And he composed the opera when he knew that his previous efforts had not been performed and that what he was writing in his 67th year of existence would very likely have the same bitter fate!
Magri also composed the music for three operettas, Nannetta (1899), Miss Lizzy (1915) and Intermezzo (1920).
The Camilleri dynasty: This highly gifted and dynamic family of, at least, 3 generations was perhaps the most numerous dynasty of (professional) musicians and composers in the annals of Maltese music. Of these, 7 achieved well-merited national recognition. The known paterfamilias was Vincenzo (1821-1897). Born in Valletta, he married Maria Grazzja Fava from the village of Luqa in 1845 and his place of residence now seems to have alternated between Luqa where two of his sons, Enrico and Ferdinando, was born, and Valletta, the birthplace of Gavino, Emanuele and Lucia, the other three children. A musician by profession, mainly as a clarinetist with orchestras of British Navy ships, he integrated easily into Luqa’s dynamic social life and gave birth to the village ’s civic Union Band, composing for it Marcia Unione in 1880. His four sons followed in his footsteps as professional musicians in various fields (church, band, playing instruments) and composers. But this blog is concerned with two of Vincenzo’s grandsons – Agostino, son of Enrico, and Giuseppe, son of Ferdinando.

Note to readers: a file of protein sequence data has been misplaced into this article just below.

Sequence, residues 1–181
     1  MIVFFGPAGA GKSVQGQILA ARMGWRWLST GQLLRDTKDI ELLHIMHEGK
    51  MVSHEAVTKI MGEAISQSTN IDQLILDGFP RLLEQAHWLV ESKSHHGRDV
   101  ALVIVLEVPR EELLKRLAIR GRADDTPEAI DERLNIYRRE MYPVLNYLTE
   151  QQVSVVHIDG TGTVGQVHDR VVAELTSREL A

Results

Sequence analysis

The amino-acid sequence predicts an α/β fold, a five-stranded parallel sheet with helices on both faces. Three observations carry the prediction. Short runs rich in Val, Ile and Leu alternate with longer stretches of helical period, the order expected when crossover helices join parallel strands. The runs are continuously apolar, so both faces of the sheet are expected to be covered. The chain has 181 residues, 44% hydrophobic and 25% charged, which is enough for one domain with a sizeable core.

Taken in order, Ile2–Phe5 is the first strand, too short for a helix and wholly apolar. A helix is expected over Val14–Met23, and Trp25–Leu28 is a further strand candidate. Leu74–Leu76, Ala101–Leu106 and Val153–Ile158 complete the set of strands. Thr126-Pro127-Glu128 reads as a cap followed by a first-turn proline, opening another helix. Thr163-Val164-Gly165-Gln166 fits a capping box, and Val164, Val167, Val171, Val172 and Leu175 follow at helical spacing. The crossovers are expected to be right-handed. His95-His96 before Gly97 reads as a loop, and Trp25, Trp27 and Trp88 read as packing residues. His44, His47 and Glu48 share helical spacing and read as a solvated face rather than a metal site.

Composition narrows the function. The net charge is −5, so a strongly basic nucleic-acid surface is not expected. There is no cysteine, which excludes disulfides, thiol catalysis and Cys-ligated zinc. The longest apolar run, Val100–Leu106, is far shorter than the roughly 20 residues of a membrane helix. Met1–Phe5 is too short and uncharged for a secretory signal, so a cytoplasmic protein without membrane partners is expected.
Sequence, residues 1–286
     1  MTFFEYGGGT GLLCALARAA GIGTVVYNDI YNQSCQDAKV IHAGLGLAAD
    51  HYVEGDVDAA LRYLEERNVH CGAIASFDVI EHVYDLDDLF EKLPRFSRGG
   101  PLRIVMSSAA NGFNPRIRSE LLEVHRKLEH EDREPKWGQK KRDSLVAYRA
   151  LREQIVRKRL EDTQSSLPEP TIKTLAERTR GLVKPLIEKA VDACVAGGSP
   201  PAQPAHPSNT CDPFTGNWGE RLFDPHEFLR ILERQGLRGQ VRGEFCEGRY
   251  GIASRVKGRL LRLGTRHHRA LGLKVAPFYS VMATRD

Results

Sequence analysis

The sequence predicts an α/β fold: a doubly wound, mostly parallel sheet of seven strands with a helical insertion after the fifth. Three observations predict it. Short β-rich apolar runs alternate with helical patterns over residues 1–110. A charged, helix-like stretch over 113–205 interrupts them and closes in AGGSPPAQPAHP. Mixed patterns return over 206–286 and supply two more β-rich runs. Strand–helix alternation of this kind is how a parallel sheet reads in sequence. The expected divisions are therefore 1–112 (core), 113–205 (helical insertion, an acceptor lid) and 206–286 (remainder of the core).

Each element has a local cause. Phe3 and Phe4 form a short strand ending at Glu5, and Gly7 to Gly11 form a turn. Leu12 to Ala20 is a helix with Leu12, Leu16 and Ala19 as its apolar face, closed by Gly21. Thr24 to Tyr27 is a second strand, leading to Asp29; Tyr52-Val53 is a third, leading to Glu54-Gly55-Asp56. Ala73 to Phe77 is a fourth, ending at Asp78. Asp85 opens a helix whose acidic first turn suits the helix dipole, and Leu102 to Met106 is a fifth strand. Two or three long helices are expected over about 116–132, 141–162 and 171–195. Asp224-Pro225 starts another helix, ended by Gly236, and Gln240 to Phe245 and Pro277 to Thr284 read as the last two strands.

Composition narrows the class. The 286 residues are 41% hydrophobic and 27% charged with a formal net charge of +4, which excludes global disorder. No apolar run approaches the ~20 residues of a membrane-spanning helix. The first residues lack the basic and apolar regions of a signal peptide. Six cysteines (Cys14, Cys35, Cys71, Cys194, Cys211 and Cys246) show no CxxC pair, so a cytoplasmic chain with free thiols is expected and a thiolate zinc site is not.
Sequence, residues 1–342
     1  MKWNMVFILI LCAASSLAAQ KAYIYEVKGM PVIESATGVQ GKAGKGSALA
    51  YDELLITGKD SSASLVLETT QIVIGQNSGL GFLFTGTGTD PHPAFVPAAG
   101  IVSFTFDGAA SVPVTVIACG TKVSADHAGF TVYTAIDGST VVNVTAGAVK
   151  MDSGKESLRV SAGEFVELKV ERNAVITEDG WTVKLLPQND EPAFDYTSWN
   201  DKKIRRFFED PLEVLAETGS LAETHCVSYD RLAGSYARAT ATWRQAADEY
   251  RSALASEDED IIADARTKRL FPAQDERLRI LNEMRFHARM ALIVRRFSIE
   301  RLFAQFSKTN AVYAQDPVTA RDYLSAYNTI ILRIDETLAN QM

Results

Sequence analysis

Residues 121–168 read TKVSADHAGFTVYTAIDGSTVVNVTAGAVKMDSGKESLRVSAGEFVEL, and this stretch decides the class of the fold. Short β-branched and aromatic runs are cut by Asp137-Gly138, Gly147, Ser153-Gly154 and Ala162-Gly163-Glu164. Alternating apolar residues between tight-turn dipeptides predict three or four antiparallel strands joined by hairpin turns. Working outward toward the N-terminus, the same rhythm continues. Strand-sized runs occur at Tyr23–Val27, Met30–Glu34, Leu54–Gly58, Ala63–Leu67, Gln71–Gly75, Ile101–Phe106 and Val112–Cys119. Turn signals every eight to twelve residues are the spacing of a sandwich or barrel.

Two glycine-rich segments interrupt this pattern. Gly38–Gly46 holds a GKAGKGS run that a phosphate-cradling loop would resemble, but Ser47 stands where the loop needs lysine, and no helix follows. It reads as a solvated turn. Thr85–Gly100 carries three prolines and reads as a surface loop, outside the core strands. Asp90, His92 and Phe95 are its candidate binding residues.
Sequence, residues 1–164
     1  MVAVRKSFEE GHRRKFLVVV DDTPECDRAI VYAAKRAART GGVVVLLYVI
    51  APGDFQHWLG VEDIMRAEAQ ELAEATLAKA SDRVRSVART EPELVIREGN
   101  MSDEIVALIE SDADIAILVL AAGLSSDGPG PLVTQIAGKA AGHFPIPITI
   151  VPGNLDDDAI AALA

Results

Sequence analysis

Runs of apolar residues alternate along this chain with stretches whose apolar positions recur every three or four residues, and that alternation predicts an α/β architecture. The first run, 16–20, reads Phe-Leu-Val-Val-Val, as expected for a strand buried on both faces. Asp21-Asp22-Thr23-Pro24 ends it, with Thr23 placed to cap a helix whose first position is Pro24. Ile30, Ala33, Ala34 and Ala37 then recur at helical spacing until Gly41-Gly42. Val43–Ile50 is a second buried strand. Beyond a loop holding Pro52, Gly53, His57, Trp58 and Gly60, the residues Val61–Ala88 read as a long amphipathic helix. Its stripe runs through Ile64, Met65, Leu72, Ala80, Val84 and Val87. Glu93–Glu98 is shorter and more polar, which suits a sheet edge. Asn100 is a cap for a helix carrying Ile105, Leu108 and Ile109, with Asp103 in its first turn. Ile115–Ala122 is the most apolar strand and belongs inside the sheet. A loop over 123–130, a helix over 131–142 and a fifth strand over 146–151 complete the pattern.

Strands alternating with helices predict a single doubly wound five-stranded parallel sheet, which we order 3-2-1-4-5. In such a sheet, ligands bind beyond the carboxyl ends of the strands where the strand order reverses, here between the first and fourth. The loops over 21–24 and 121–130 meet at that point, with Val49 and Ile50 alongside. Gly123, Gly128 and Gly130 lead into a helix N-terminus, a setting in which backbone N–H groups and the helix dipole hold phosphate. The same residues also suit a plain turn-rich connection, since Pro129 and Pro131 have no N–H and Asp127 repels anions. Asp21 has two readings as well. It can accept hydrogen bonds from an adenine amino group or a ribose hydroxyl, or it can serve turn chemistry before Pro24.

Agostino Camilleri (1886-1976) studied violin with his father, piano, and composition with Alberto Vella and also advanced studies in harmony, counterpoint, and orchestration with Giuseppe Abdilla and in Paolino Vassallo’s Istituto di musica in Valletta. As a celebrated violinist, he worked with the Teatru Rjal orchestra and the Metropolitan Cappella di musica. His compositions are of various kinds but include sacred, chamber and theatrical works, the outstanding piece among the last being his opera Delia (1920).
Delia, a one-act bozzetto drammatico, composed to a fine libretto by the Italian writer and academic Vincenzo Laurenza, was one of five operas entered in the 1925-1926 Opera Competition open to Maltese composers organised by the Teatru Rjal impresa. It did not win any prize but the judges, the German Carl Maria Artz and the Italian Arnaldo Schiavone, praised it highly.